Added Note Extensions
Another important group of extensions are the added note variety. The basic idea of an added note chord is that you take an ordinary triad and add to it other notes. The characteristic feature of added note chords is that the thirds that lie in between are omitted. This can be understood by examining the main types of added note chords.
a. Chord of the added sixth:
Sixths: With a sixth chord (sometimes called an added sixth chord), you start with a basic triad; then add an extra note a second above the fifth—or a sixth above the root. You can have major sixth and minor sixth chords, as well as sixths above diminished and augmented triads
Major sixth: Major sixth chords are “playful.” To build a major sixth chord using half and whole steps, remember: root + 4 half steps + 3 half steps + 2 half steps
Minor sixth: Minor sixth chords are “dark, sensuous, troubled.” To build a minor sixth chord using half and whole steps, remember: root + 3 half steps + 4 half steps + 2 half steps the added major sixth chord is probably more frequently used as an addition to both the major and the minor common triads.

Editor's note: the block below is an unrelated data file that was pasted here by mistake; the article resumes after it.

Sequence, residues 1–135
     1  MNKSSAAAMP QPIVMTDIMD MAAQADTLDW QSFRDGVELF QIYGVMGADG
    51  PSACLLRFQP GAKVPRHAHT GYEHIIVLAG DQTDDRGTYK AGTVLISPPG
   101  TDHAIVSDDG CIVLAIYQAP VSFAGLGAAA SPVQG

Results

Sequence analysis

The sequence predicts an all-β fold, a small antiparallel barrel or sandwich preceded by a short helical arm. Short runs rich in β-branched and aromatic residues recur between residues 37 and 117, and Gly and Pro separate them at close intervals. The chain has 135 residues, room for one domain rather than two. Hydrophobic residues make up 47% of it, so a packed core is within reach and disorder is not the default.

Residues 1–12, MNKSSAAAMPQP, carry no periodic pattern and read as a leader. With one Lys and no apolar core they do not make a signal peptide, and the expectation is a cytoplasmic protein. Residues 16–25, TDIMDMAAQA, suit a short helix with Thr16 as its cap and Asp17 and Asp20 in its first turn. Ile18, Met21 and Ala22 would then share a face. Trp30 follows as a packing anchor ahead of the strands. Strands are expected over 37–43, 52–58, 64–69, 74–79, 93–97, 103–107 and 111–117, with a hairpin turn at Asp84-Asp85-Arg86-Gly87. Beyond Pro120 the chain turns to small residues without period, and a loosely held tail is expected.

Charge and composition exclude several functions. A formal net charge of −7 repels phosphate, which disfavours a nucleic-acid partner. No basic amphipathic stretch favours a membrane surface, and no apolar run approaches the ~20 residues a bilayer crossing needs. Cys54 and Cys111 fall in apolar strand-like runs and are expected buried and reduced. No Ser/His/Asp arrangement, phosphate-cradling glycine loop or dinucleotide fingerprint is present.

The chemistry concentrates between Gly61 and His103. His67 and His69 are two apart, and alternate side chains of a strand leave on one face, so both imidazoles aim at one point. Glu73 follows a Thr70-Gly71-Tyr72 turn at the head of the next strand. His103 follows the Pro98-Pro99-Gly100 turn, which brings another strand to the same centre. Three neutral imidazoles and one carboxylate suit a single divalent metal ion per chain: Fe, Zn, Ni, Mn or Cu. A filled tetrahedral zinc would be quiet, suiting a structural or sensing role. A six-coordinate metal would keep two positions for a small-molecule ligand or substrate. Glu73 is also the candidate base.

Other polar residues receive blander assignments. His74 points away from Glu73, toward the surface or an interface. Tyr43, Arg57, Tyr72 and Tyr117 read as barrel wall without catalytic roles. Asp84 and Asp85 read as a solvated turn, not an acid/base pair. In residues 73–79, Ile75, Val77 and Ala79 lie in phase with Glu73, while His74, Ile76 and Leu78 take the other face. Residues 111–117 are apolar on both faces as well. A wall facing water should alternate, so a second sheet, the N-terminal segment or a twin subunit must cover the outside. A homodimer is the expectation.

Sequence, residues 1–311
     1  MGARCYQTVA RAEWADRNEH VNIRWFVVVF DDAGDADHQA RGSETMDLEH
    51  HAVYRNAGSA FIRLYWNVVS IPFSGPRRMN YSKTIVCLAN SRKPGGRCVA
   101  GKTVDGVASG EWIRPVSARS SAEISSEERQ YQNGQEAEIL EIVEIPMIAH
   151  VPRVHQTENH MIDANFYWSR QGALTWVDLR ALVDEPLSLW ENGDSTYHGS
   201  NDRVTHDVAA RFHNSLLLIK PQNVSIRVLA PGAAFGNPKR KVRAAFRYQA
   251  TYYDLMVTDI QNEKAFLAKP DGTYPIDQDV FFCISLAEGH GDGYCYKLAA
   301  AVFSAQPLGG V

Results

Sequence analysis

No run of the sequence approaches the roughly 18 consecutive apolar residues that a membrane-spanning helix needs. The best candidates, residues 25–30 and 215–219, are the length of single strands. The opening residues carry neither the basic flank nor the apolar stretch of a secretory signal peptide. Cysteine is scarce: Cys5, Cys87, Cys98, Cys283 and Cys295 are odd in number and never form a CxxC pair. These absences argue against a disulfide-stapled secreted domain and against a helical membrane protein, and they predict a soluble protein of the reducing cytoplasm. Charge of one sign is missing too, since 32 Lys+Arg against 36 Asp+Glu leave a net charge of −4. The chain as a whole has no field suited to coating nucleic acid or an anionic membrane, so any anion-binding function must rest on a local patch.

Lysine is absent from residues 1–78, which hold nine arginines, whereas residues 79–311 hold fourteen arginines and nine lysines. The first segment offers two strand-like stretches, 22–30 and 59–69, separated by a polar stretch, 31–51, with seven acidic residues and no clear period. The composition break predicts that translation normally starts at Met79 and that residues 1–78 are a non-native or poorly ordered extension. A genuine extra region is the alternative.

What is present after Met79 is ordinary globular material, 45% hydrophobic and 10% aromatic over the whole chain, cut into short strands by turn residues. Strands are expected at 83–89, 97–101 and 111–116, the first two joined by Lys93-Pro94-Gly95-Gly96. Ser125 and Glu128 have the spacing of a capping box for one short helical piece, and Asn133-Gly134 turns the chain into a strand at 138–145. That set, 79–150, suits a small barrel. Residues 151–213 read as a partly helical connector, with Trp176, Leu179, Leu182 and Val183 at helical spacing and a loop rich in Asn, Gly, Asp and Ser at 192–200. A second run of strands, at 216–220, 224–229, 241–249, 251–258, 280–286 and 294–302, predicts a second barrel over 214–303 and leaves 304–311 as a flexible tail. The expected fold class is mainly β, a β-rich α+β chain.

a. Minor triad with minor sixth
b. Minor triad with major sixth
c. Major triad with minor sixth
d. Major triad with major sixth
e. Major triad with augmented sixth
b. Chord of the added ninth
a. A major chord of the added ninth in closed position voiced in four parts. To create this chord, a major second is inserted between the root and the third of a major triad.
b. A major chord of the added ninth in four parts, where the ninth is placed above the triad.
c. A major chord of the added ninth in wide-open spacing.
d. A minor chord of the added ninth in closed position, where the ninth is inserted between the root and third of the minor triad.
e. A minor chord of the added ninth, where the ninth is placed above the triad.
f. A minor chord of the added ninth in wide-open spacing.
c. Added sixth and ninth chord: Added sixth/ninth chords work best when they are presented within a fairly complex chordal texture—that is, a texture full of extensions, such as sevenths, ninths, and so on.
a. A major triad to which has been added the sixth and ninth.
b. An added sixth/ninth chord in wide spacing.
c. An alternative wide spacing.
d. An added sixth/ninth chord voiced for four parts. This produces a chord of equal fifths—also known as a quintal tetrad.
e. The minor form of added sixth/ninth.
f. A minor added sixth/ninth chord in wide spacing.
g. A minor added sixth/ninth chord in first inversion.